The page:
Section: User Commands (1)
Updated: xinit 1.3.4
Arguments immediately following the startx command are used to start a client in the same manner as xinit?(1). The special argument marks the end of client arguments and the beginning of server options. It may be convenient to specify server options with startx to change on a per-session basis the default color depth, the server's notion of the number of dots-per-inch the display device presents, or take advantage of a different server layout, as permitted by the Xorg?(1) server and specified in the (5) configuration. Some examples of specifying server arguments follow; consult the manual page for your X server to determine which arguments are legal.
startx -- -depth 16
startx -- -dpi 100
startx -- -layout Multihead
Note that in the Debian system, what many people traditionally put in the .xinitrc file should go in .xsession instead; this permits the same X environment to be presented whether startx, xdm, or xinit is used to start the X session. All discussion of the .xinitrc file in the xinit?(1) manual page applies equally well to .xsession. Keep in mind that .xinitrc is used only by xinit?(1) and completely ignored by xdm?(1).
To determine the client to run, startx first looks for a file called .xinitrc in the user's home directory. If that is not found, it uses the file xinitrc in the xinit library directory. If command line client options are given, they override this behavior and revert to the xinit?(1) behavior. To determine the server to run, startx first looks for a file called .xserverrc in the user's home directory. If that is not found, it uses the file xserverrc in the xinit library directory. If command line server options are given, they override this behavior and revert to the xinit?(1) behavior. Users rarely need to provide a .xserverrc file. See the xinit?(1) manual page for more details on the arguments.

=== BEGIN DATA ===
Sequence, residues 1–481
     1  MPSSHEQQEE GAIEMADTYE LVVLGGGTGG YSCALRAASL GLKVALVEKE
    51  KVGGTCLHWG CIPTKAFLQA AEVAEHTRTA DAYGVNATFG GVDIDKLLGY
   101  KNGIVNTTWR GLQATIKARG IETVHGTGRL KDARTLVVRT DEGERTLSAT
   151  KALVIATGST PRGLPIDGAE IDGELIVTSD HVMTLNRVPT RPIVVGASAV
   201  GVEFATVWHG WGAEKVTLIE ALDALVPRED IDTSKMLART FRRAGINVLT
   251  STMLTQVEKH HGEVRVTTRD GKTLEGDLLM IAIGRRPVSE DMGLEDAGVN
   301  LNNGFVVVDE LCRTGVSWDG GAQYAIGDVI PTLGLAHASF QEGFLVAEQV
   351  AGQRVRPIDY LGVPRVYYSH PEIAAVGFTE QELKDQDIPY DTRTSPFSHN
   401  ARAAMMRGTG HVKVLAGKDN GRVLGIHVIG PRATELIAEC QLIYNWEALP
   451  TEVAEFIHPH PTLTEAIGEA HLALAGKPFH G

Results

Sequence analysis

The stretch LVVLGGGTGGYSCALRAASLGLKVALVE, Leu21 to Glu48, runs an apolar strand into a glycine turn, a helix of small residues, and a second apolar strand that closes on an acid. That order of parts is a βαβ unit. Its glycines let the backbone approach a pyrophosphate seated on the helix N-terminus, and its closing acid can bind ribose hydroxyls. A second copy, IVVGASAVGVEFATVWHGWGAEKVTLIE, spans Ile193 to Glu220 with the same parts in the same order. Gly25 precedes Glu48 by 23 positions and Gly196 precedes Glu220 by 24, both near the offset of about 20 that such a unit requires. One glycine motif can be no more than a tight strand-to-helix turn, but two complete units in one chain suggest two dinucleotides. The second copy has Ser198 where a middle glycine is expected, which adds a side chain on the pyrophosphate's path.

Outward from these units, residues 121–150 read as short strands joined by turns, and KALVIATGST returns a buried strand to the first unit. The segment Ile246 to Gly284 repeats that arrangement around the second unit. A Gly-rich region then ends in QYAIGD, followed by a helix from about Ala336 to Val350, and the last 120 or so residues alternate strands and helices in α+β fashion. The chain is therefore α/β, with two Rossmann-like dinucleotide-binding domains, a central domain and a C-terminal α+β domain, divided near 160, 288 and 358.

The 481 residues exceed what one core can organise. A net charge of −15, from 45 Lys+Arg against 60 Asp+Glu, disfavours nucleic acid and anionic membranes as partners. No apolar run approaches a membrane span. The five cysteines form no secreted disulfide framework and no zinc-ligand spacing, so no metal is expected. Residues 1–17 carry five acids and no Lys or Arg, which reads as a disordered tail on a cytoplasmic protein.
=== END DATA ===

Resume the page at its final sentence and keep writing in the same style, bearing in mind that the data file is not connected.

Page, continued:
- This variable gets set to the name of the display to which clients should connect. Note that this gets set, not read.:
- This variable, if not already defined, gets set to $(HOME)/.Xauthority. This is to prevent the X server, if not given the -auth argument, from automatically setting up insecure host-based authentication for the local host. See the Xserver?(1) and Xsecurity?(7) manual pages for more information on X client/server authentication.:
- Client to run. Typically a shell script which runs many programs in the background.:
- Server to run. The default is X.:
- Client to run if the user has no .xinitrc file.:
- Server to run if the user has no .xserverrc file.: